Thursday, May 7, 2015

Mothers, daughters who are Mothers, and Travel ...

I am not going to lie. The last few days have been rich, full, satisfying, emotionally rewarding, and, damnit, really tough. Helping our daughter pack for her trip and get through a long list of the potentially stressful errands that accompany a move to another country on another continent . . Watching her and Frankie together with family for the last time in a long while, all the dynamics of sibling relationships, my sensitivity to those dynamics and their long, intimate histories, my sensitIvity, as well, to the huge gap between what the mother of adult children feels about her all-grown-up-and-then-some babies and what she can say to them or do for them, and when, and how.
Holding my granddaughter close, i held my daughter again. I did tell her that, at one point; it felt imperative that she really gets how fiercely and tenderly I love her, loved her, will always love her. But I was careful, too, and even so, I got rebuffed one or twice, gently sometimes, with barely disguised impatience, even irritation, at others. She needs to be the Mom now, the adult; she can't afford to be my baby when she has to close up a house, cancel the car insurance and sign the transfer papers, get the cat to the vet and then to the pet transfer company, and stop by the bank to sort out accounts. And, oh yes, weigh those two humongous bags again to make sure they squeak under the 23-kilogram limit. Never mind the 50 pounds she's somehow wheedled into her two allowed carry-on pieces and the baby's diaper bag. Oh, and where are those passports and the printed itinerary?
To my shame, and with no hope now of possible reparation, I remember my parents dropping me off at the Vancouver Airport many years ago. I'd come for a short visit, a solo break from our busy family life in Prince Rupert, six or seven months pregnant, I think, with either our 3rd or our 4th. My dad dropped Mom and I at Departures and went to park the car. I grabbed my bag, only to find that Mom was already carrying it. She would have been in her mid-50s then, thin and wiry as she always was, very fit from walking and constant gardening. Strong enough to lift my bag, certainly. And I knew that-- she and my dad backpacked around Europe for six months within a year or two of her picking up my suitcase that day.
But I bristled, I think, at the suggestion that my pregnancy made me unable to carry my own luggage (ignoring somehow the reality that my mother, who'd borne ten children, surely knew the limits of pregnancy well). And I said to her something very like "oh, for heaven's sake! Even pregnant, I'm sure I'm stronger than you." I didn't actually say "at your age" but those unspoken words might as well have been echoed from the airport's concrete walls. Certainly, they're still echoing inside me, almost ten years older than she would have been, knowing full well that I could pick that bag up now, just as she could have then, had I been gracious enough to allow it.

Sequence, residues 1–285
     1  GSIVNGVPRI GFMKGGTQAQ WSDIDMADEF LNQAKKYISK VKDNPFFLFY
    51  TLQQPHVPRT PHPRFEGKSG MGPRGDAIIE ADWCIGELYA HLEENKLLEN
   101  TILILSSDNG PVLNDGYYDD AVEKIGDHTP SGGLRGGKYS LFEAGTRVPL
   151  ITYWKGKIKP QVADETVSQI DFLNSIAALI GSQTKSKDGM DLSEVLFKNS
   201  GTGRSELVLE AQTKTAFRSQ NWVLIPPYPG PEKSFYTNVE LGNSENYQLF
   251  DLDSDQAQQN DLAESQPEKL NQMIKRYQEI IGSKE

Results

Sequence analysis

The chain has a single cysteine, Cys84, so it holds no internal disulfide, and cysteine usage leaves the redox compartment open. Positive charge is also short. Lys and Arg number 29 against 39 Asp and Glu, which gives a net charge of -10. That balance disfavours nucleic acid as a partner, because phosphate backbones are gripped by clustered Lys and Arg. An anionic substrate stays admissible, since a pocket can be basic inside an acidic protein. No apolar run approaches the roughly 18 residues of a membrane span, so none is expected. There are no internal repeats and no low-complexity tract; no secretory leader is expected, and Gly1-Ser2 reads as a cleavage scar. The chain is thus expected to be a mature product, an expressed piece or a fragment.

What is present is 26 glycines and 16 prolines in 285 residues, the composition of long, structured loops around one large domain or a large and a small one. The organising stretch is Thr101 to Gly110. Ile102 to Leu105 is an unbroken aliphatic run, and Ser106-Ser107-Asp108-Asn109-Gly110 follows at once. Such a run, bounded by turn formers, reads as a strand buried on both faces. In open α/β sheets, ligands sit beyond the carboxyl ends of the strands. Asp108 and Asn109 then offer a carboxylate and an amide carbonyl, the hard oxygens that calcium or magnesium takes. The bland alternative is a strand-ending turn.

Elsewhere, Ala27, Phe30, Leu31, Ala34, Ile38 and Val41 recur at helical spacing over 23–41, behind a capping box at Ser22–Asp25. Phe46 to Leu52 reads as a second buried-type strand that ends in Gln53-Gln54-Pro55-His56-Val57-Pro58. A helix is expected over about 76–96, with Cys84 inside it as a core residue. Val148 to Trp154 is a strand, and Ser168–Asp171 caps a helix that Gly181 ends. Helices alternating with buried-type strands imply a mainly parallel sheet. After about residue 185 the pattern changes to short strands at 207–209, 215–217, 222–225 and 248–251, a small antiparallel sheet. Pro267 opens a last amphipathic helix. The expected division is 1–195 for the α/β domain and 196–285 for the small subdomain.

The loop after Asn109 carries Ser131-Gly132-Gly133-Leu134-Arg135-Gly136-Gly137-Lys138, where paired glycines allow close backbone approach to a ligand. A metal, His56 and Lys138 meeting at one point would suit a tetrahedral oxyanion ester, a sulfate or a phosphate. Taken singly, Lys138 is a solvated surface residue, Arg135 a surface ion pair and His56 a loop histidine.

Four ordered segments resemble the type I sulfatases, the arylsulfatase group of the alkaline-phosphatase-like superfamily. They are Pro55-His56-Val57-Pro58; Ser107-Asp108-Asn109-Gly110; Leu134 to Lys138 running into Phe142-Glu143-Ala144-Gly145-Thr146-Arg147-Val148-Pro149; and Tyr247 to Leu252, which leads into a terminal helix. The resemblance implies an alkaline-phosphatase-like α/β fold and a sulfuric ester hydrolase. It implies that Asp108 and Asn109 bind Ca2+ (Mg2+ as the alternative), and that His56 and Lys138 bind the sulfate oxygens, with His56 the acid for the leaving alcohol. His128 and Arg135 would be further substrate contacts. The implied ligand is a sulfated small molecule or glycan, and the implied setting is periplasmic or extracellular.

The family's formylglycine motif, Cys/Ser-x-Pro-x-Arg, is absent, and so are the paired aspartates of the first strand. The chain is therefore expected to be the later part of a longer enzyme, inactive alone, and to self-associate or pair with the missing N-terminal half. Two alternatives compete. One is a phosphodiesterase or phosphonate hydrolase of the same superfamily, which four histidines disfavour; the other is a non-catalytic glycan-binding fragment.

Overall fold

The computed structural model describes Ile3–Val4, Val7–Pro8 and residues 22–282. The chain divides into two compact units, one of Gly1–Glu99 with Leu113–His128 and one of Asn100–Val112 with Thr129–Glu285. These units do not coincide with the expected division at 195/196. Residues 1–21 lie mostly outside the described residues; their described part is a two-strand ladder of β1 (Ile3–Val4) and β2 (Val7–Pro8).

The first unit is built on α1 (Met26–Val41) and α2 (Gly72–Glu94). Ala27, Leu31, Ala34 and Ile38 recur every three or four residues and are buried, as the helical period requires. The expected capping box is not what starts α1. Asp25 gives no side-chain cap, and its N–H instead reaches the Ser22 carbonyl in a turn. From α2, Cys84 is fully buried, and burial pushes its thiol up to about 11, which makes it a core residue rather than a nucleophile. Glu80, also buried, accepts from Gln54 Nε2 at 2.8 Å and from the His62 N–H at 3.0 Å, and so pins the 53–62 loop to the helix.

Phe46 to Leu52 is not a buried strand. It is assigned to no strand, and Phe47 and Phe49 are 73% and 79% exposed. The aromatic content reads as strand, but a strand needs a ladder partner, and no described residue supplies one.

So I know something of what R. was feeling yesterday, and I understand, painfully, a bit more of what my mother must have felt all those years ago. Luckily, my daughter didn't snap anything so unkind at me. I'd love to think that's because I've been better at boundaries than my mom was, but I doubt it. For all the mistakes I hoped to avoid, I suspect I've only made different ones. And not with any more love. Ah, mom....
It's almost Mother's Day and my daughter will spend her first official one in another country, and I will, myself, be far from home. My sister and I will probably lift a glass in Paris to toast and remember our mother.... And I will be a bit tearful, perhaps, to be so far from my children. But I'll also remind myself that they are wonderful, independent adults, raising my wonderful still-dependent grandchildren. Some of whom I will have to visit in Rome. Sigh...
Frankie naps in her stroller on our long walk yesterday while her mom ran errands.
My conflicted thoughts and emotions about motherhood and generational change (and continuity) are obviously heightened by having loved ones in the air as I write and by preparing to be in the air myself tomorrow. I'm soothing them this afternoon with a visit to the Spa for a facial and my first pedicure of the season. These feet have to be fancy for those Paris streets! I will also be comforted this afternoon by a visit with 6-year-old N, who requested some time with the special Playmobil dollhouse we keep here for her. Okay, sweethert, that can be arrang
And I will definitely take time to read any comments you have time to leave, althgh I may not find time to answer them. Not sure how much I'll be posting from Paris, but I suspect my Instagram account will be busy. Link is top of the right-hand column, if you're interested.


22 comments:

  1. I urge you to find a place in the sun on a Paris street (weather good there I believe), order a glass of champagne and simply sit back and (in the words of the Beatles) let it be. Clarity often appears after a sole glass of the good stuff. It's after the third that the messy times begin...a bientot, mater.

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    1. The kind of good advice I'm happy to follow obediently...